8. Separation of Queensland.—In 1859, letters patent issued on 6th June constituted what was then known as the " Moreton Bay District " of New South Wales, a separate colony, under the name of Queensland, whose boundary was defined as a line commencing on the sea coast at Point Danger, in latitude about 20° 8' south, running westward along the Macpherson and Dividing Ranges and the Dumaresq River, to the Mclntyre River, thence by the 29th parallel of south latitude to the 141st meridian of east longitude ; on the west, the 141st meridian of longitude from the 29th to the 26th parallel, and thence the 138th meridian north to the Gulf of Carpentaria, together with all the adjacent islands, their members and appurtenances in the Pacific Ocean." The area concerned is 670,500 square miles. By this separation, the territory of New South Wales was divided into two parts, viz., one of 310,372 square miles, the present State, and another of 593,840 square miles, of which 523,620 square miles is now the Northern Territory, and 70,220 square miles is now a part of South Australia. These facts are shown on Map No. 5.
9. No further Constitution of Colonies.—Since the separation of Queensland, no other creation of colonies has taken place in Australia, though the boundaries of New South Wales and South Australia were later altered. The dates of foundation of the Australasian Colonies, and their areas at the close of 1859, were therefore as hereunder:—
10. The Changing Boundaries of the Colonies.— When on 15th August, 1834, the Imperial Government constituted the province of South Australia, there lay, between its western boundary and the eastern boundary of Western Australia (as proclaimed by Fremantle in 1829) a strip of country south of the 26th parallel of south latitude, and between the 132nd and 129th meridians of east longitude, legally included within the territory of New South Wales. The area of this territory, frequently but improperly referred to as " No Man's Land," has been calculated to cover approximately 70,220 square miles. On 10th October, 1861, by the authority of the Imperial Act 24 and 25 Vic., cap. 44, the western boundary of South Australia was extended so, as to cover this strip, and to coincide with the eastern boundary of Western Australia—the 129th meridan. The area of South Australia thus increased by 70,220 square miles, became 380,070 square miles, and her territory that represented on Map No. 6. Nearly two years after this accession of territory, viz., on 6th July, 1863, the Northern Territory, containing 523,620 square miles—also formerly a part of New South Wales — was, by letters patent, brought under the jurisdiction of South Australia, whose area was thus increased to 903,690 square miles; whilst that of New South Wales was diminished by these additions to South Australia, and by the separation of the colonies of New Zealand, Victoria, and Queensland, till its area became only 310,372 square miles. The territories of Tasmania, Western Australia, and the three other separated colonies, with the exception of some minor islands added to Queensland, remain as originally fixed.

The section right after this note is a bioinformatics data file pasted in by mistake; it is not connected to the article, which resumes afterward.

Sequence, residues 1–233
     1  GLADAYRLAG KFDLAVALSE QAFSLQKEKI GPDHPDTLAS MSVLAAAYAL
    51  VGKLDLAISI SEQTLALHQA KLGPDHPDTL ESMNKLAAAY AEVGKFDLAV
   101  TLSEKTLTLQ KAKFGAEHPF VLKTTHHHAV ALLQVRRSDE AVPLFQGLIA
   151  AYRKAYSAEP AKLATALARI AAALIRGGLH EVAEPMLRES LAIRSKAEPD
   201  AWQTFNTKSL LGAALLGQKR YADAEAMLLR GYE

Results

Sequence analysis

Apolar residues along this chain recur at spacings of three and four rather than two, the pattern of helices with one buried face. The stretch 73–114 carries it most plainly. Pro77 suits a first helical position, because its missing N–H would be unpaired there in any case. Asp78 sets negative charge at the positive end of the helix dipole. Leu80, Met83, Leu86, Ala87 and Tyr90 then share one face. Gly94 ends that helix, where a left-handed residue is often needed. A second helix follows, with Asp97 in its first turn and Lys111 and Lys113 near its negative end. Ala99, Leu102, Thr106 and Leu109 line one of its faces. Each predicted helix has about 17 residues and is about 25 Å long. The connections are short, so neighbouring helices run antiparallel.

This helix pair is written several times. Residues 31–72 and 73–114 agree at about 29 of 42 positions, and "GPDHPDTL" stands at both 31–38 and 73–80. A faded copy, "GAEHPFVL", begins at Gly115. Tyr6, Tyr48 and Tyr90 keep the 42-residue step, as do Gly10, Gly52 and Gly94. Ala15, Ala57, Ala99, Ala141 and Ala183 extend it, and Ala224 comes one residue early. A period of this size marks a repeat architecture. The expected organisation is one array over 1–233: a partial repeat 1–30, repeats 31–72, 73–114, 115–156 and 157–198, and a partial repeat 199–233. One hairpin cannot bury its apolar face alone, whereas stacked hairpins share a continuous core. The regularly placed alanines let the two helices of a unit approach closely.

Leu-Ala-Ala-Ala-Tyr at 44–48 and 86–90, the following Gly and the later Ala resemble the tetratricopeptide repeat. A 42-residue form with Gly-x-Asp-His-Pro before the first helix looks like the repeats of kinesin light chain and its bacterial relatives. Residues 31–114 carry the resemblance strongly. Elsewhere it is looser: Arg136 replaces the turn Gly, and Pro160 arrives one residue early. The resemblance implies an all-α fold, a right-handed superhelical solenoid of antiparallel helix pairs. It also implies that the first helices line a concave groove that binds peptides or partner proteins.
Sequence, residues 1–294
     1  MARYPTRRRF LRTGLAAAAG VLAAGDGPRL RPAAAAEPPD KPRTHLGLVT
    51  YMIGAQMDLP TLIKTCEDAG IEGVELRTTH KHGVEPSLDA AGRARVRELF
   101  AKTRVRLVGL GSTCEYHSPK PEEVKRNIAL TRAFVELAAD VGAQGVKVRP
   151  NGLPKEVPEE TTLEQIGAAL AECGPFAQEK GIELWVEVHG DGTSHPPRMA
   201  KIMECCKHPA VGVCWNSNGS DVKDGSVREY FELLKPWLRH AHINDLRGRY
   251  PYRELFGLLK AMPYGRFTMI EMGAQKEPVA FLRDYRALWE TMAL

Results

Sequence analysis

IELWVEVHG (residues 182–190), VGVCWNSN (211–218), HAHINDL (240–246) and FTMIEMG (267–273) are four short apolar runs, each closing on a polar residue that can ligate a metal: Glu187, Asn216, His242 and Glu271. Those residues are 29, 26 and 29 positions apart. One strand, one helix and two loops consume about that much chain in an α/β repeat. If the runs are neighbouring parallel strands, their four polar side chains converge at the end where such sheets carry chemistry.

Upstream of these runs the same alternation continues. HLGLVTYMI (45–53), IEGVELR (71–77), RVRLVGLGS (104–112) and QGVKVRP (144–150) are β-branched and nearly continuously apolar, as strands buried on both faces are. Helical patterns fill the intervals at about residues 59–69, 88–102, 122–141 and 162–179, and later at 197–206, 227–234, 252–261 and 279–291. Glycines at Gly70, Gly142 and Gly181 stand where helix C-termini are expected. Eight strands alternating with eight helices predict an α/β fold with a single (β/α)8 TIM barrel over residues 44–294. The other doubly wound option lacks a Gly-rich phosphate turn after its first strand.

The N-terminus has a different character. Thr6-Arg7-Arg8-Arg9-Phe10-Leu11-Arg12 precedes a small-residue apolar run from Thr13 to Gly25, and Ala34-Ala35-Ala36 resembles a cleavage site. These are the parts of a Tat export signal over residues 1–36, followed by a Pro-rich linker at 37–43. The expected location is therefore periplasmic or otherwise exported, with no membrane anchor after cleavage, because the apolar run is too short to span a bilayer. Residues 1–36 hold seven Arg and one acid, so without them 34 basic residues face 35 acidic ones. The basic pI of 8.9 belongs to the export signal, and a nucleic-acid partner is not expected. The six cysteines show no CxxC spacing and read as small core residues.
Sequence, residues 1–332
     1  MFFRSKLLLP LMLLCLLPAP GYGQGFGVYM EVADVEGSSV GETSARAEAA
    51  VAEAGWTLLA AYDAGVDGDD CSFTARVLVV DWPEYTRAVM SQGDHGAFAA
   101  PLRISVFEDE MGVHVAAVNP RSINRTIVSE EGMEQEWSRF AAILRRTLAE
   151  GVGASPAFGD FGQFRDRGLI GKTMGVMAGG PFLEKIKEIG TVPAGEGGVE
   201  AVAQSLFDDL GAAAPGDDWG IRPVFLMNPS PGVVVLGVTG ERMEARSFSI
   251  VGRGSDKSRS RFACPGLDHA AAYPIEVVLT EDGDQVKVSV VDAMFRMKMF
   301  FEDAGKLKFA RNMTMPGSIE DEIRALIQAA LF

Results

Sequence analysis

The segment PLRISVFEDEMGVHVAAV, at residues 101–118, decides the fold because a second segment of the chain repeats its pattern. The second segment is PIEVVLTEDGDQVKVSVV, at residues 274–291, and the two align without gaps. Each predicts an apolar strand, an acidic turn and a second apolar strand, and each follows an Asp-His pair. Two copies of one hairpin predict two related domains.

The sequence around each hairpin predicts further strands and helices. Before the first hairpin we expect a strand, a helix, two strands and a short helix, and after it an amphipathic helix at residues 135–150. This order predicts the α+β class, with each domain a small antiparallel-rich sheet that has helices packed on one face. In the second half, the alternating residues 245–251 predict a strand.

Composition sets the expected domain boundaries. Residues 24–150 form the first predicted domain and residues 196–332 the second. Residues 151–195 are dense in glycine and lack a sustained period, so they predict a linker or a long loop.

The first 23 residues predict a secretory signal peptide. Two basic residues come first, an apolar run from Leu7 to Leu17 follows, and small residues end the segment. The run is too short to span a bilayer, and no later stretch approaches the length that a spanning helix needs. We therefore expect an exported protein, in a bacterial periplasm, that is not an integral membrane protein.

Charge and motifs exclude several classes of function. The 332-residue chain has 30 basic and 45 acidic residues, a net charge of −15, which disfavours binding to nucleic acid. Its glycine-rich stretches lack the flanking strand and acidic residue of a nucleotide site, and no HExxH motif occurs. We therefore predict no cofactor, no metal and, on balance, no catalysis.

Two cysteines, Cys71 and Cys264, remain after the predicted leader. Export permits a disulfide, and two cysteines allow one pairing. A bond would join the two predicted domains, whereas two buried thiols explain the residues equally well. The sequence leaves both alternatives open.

11. Australasia, 1863 to 1900.—The immense area generally known as Australasia had thus, by 1863, been divided into seven distinct colonies, the areas of which are shown below:—
DATE OF CREATING THE SEVERAL COLONIES
From 1st January, 1901, the colonies mentioned above, with the exception of New Zealand, have become federated under the name of the "Commonwealth of Australia,"* the designation of " Colonies" being at the same time changed into that of "States." The total area of the Commonwealth is, therefore, 2,974,581 square miles, or about equal to the area of the United States of America, exclusive of Alaska, or to that of all Europe, less about one-third of Russia.
The evolution of the various States will be seen in the accompanying diagrams.
12. British New Guinea or Papua.—Under the administration of the Commonwealth, but not included in it, is British New Guinea or Papua, finally annexed by the British Government in 1884, and for a number or years administered by the Queensland Government but transferred to the Commonwealth by proclamation on 1st September, 1906, under the authority of the Papua Act (Commonwealth) of 16th November, 1905. The area of Papua is about 90,540 square miles.
1. By proclamation dated 10th June, 1901, the area of the Dominion was increased by 280 square miles, making it now 104,751 square miles, by the inclusion of the Cook Group and other Islands.<back>
2. The calculation has been made in this Bureau. The area has usually been left un-stated in references to the territory, but when approximations have been given the margin of error seems to have been somewhat large.<back>
3. South Australia with the Northern Territory is 903,690 square miles.<back>
4. Now 104,751 square miles: increased 10th June, 1901.<back>
5. Now 3,079,340 square miles.<back>
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This page last updated 4 April 2013